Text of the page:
The composite scales are well-suited to the role. There is enough texture that your fingers don’t slide around, but not the rough kind of texture you’d expect from Spyderco’s normal G10 treatment. Additionally, the edges and corners of the scales have been chamfered to the point that they are very nearly contoured. I’m very glad they went the extra mile in the finishing process; otherwise the Rhino would be an ergonomic flop, and that’s entirely due to the finger scallops. Apart from those problematic little curves, the Rhino is really quite good in the hand. The dip in the spine of the blade is a perfect place to put your thumb when you need more control, and the organic curve of the handle means that the Rhino can be gripped in a number of ways.
To be frank: finger scallops should be avoided as a rule. They force the user to hold the knife in a set grip, despite the fact that all of our muscular and skeletal structure varies wildly person to person. They do not actually improve our grip on a knife’s handle, according to hand surgeon and knifemaker Kyle Ver Steeg; in fact, by forcing our fingers farther apart, it weakens our grip instead. Finally, why on earth were finger scallops “necessary” on a knife this size? The Rhino isn’t going to be someone’s last ditch boot knife, or stowed in a bugout bag. It’s going to be toted around in some gear geek’s chinos, broken out to to open packages and trim loose threads. The Rhino’s saving grace is that the finger scallops have been chamfered to the point that I hardly notice them.
The Rhino is equipped with Spyderco’s classic spoon-shaped clip. It’s a classic design for a reason: it doesn’t cause ergonomic issues, it keeps the knife in the pocket without shredding your pants, and it’s only a little bit of a paint scraper.
Deployment and Lock-Up
At this point, there’s not a whole lot that can be said about Spyderco’s trademark thumb hole. Even as flippers reign supreme, the thumb hole stands out: it’s simple, versatile, and only there when you need it. The Rhino has at least as much fidget factor as any of my flippers, in part due to the phosphor bronze washers the blade rides on and the excellent detente. Absolutely no complaints in this regard.
In keeping with the “quintessentially Spyderco” theme, the Rhino utilizes the compression lock, an in-house design that’s strong, simple, and lightweight. By using a locking leaf that wedges between the blade tang and the stop pin, the compression lock blends the convenience and strength of an axis-style lock with the snappy action and simplicity of a liner lock. Unfortunately, compression locks do tend to have a bit of vertical blade play, and the Rhino is no exception. It doesn’t register visually or audibly, but you can feel it if you wiggle the blade around.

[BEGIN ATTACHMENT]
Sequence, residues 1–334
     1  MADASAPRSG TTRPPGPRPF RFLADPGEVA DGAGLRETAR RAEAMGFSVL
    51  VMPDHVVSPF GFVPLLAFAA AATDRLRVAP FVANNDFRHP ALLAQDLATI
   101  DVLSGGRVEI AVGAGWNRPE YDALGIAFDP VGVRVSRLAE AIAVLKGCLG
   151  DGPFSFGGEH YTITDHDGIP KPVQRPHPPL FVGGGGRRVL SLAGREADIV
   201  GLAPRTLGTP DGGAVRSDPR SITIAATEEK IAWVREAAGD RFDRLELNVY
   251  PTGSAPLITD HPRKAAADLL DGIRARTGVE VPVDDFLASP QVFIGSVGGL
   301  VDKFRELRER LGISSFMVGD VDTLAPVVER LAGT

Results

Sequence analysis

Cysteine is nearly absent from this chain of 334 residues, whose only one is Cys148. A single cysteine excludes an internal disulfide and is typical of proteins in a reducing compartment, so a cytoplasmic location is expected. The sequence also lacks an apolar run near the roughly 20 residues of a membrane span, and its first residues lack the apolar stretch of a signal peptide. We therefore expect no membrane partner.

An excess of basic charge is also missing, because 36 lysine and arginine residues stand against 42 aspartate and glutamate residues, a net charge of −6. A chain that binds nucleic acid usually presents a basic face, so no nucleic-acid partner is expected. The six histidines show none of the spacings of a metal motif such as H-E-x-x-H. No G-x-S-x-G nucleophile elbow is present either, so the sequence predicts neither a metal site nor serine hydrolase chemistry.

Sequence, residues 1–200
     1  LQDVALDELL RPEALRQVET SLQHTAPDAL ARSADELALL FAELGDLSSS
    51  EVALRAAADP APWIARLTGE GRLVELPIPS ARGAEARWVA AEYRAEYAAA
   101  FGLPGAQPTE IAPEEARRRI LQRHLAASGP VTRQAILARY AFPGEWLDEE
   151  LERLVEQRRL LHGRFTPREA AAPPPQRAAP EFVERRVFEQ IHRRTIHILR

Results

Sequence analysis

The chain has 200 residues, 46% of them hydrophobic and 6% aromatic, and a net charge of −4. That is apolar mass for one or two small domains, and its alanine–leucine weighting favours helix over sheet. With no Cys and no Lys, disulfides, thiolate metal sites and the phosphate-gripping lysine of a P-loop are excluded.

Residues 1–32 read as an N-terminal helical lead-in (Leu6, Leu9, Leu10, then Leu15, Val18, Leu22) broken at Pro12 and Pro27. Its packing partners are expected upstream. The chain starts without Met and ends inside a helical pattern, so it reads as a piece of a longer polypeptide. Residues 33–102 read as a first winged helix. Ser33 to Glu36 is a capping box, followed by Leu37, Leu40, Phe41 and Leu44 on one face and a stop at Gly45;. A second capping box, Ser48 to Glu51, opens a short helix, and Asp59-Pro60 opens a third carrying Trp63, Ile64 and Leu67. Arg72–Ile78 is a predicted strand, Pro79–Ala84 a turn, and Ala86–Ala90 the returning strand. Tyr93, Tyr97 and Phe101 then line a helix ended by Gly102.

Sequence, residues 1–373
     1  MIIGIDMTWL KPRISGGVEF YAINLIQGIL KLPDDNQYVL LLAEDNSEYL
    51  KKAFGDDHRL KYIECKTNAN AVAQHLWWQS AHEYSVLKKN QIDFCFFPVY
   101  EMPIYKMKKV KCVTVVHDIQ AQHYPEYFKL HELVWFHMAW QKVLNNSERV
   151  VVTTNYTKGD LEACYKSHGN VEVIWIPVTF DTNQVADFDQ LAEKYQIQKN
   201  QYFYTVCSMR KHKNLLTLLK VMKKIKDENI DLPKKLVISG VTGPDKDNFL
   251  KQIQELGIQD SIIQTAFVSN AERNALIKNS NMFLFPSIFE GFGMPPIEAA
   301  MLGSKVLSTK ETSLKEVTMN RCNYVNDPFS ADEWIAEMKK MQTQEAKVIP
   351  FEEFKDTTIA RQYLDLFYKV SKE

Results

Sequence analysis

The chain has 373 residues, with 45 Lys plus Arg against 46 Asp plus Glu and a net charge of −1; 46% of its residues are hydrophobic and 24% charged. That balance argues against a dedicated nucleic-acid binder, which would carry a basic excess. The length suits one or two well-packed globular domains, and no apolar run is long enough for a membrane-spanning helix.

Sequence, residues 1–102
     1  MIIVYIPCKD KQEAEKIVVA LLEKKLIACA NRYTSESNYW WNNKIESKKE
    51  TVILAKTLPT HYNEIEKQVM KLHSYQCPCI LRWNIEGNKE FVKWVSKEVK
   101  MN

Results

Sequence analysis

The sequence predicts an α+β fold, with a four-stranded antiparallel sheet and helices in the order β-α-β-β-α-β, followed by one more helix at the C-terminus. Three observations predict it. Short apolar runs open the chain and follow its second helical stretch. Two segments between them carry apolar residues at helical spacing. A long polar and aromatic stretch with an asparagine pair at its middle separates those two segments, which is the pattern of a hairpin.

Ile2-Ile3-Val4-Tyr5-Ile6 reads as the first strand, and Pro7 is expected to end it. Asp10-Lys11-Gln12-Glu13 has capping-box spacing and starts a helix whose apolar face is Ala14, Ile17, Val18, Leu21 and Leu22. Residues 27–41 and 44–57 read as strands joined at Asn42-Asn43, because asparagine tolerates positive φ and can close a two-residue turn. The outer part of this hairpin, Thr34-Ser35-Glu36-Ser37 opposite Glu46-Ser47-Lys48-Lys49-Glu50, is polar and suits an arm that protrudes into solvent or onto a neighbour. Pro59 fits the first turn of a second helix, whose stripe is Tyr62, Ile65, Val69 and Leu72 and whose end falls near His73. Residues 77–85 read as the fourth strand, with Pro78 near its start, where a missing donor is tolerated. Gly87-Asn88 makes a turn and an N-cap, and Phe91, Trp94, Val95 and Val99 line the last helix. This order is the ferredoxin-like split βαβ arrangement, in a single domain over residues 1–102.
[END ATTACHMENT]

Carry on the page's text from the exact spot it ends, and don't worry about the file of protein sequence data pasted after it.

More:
Spyderco Rhino Review – Final Thoughts
Ultimately, the Rhino is a fine addition to both Spyderco’s catalog and my collection. Part of me still wishes that the original version would have made it to market, but to be honest, the extra finishing on the handle scales probably wouldn’t be feasible at a sub-$50 price point, and the finger scallops would go from a theoretical pet peeve to a very literal pain to deal with. That aside, there’s a lot to recommend here. The blade uses some of the best steel on the market and is ground to be a lean cutter; the handle is remarkably comfortable, in and out of the pocket; and the deployment method and lock are some of the most reliable and convenient available.
As mentioned above, the street price for the Rhino falls around $140. That’s nothing to sneeze at; most of the major production knife companies have strong entries at this price point, from Benchmade’s upgraded Griptilian line to a veritable dragon’s hoard of Kizer offerings. While the competition is fierce, I think the Rhino holds its own. The blade – from the steel to the grind – makes the Rhino stand out in its own way, especially if you like the funky design aesthetic.
There are some people who should pay special attention to the Rhino, and a few who should actively avoid it. The Rhino is especially well-suited to modern office workers: opening packages, breaking down cardboard boxes, and maybe peeling an orange at lunch. If you have more specific needs (like frequent food prep or a knife suited to harder use), look elsewhere, as the Rhino was clearly not designed with those tasks in mind.
- PlainEdge Blade - This knife has a sharpened blade with no serrations or teeth sometimes referred to as a smooth blade.
- Carbon Fiber Handle - Graphic fibers (the size of a human hair) woven together then fused with epoxy resin. Lightweight with a high level of tensile strength it is three dimensional in appearance.
- Full-Flat Grind - This knife features a blade ground with flat bevels that extend from the spine all the way to the cutting edge. This grind reduces drag during cutting and decreases overall weight.
- Specifications - Closed Length (Inches): 3.6, Overall Length (Inches): 5.95, Blade Length (Inches):2.35, Blade Steel: CTS XHP, Grind: Full-Flat